Argumentum ad crumenam

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==Examples==
 
==Examples==
* "If you're so smart, why aren't you rich?". It is possible to be both smart and poor.
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* "If you're so smart, why aren't you rich?" It is possible to be both smart and poor.
 
* "Warren Buffett has made a fortune off of the market, and he says that this recession will last a long time."
 
* "Warren Buffett has made a fortune off of the market, and he says that this recession will last a long time."
  

Latest revision as of 00:42, 29 June 2009

Argumentum ad crumenam (argument to the purse) is the logical fallacy of concluding that an assertion is correct because the person making it is rich.

Examples

  • "If you're so smart, why aren't you rich?" It is possible to be both smart and poor.
  • "Warren Buffett has made a fortune off of the market, and he says that this recession will last a long time."

Discussion

In an ideal world, a person who knows a particular field well would be able to parlay this expertise into material wealth. And to some extent, this is true: a good electrician will likely make a better living than an incompetent one. To this extent, it may be possible to use wealth as a proxy for competence.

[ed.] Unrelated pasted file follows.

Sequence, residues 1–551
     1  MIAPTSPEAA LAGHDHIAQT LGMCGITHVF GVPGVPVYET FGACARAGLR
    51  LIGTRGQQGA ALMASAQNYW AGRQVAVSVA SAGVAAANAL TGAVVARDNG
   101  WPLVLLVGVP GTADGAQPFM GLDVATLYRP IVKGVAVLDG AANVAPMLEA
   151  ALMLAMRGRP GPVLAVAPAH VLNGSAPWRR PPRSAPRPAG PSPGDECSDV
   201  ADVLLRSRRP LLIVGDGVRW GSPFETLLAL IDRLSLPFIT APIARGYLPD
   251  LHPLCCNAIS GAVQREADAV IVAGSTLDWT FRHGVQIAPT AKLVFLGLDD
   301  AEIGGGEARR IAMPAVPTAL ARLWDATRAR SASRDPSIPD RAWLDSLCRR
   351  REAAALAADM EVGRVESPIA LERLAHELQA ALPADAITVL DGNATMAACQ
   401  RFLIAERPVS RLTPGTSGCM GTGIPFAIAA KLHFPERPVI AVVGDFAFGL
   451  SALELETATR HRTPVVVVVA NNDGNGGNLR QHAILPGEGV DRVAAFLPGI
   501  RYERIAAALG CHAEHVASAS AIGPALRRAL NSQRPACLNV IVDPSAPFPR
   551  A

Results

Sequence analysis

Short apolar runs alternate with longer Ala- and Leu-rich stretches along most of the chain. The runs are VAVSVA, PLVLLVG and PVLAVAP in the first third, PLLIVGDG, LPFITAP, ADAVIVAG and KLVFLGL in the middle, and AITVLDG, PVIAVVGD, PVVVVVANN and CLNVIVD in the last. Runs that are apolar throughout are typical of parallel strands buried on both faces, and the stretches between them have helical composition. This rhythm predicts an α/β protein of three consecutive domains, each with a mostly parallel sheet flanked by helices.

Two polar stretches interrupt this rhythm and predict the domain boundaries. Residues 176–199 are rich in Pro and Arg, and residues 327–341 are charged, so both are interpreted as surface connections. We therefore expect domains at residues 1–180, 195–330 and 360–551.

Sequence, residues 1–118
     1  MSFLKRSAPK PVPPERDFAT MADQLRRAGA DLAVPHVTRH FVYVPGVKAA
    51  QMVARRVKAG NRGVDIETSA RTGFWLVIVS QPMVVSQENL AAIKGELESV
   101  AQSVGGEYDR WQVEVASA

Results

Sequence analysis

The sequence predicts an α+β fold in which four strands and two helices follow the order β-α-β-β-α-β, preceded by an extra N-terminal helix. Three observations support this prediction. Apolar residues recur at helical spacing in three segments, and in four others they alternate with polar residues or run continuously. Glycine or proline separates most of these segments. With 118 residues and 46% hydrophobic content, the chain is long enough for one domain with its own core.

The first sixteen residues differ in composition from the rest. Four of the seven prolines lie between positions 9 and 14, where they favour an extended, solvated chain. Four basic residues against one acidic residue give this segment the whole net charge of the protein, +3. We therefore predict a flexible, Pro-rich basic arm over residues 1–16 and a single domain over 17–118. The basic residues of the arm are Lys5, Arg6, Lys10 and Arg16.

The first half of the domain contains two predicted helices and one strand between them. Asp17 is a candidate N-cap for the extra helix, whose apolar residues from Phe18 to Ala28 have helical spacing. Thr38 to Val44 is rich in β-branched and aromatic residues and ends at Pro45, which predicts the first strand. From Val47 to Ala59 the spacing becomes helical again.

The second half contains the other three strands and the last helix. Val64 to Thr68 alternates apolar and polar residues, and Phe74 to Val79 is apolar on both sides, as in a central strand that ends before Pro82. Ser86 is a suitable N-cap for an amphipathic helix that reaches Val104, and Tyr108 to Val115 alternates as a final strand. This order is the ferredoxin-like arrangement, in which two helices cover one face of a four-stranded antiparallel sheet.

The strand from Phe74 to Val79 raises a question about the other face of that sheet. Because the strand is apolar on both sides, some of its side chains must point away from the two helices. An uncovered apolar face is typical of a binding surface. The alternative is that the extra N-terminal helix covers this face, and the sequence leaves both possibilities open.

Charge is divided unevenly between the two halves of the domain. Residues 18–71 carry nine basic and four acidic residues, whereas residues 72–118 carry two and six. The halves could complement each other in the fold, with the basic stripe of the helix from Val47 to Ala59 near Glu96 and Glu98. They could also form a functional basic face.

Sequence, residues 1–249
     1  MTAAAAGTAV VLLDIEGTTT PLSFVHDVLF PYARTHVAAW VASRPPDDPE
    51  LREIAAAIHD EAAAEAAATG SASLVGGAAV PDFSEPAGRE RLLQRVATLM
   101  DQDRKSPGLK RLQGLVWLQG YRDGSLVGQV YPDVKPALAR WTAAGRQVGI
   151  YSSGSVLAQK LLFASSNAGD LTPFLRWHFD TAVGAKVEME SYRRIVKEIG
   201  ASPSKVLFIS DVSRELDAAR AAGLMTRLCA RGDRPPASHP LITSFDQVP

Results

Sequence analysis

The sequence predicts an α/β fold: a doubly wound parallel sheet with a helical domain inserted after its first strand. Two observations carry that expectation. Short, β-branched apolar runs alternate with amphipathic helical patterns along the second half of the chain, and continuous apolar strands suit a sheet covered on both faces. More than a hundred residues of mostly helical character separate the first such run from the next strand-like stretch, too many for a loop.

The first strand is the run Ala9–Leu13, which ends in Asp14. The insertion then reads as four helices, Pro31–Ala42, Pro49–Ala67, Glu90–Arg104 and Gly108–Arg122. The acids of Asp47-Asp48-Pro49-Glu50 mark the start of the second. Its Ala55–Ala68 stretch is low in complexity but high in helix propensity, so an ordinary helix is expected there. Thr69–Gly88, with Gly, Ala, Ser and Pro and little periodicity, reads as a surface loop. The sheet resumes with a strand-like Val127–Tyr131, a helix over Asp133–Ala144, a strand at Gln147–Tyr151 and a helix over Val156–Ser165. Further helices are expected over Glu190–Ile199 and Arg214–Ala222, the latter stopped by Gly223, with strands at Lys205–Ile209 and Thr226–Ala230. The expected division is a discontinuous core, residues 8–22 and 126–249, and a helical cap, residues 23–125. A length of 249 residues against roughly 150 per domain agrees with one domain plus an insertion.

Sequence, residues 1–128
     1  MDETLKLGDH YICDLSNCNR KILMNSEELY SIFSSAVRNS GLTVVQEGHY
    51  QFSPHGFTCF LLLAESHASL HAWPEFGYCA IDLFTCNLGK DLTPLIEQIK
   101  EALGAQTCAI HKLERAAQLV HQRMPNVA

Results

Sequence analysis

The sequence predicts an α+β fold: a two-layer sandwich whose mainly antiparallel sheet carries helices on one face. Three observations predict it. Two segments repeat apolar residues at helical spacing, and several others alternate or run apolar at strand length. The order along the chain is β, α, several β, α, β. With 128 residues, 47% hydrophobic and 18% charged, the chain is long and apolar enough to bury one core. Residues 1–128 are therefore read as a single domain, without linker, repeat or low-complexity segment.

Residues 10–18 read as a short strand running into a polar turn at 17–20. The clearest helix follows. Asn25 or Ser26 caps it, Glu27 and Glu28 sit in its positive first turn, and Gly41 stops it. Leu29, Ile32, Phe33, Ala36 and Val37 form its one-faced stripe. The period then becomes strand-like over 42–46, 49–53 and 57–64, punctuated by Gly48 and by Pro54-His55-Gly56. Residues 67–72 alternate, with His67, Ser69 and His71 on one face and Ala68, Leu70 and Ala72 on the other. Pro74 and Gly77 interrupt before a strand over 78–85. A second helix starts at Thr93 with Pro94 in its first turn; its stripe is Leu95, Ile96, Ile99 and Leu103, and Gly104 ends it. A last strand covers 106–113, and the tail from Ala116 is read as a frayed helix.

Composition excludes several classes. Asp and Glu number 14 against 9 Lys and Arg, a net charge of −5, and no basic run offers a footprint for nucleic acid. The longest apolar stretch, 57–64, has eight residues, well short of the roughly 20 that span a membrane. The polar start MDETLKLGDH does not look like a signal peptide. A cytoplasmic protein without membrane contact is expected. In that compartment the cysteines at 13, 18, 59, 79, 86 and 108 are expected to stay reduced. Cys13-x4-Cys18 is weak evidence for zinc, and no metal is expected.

However, a person who is successful in one field may not be an expert in another. Even granting the rule of thumb above, we should not assume that someone who has made a fortune in electronics knows anything about medicine.

In addition, as with the argument from authority, it is a mistake to think that because a person is correct most of the time, that they are always right. Even smart and well-informed people can be wrong.

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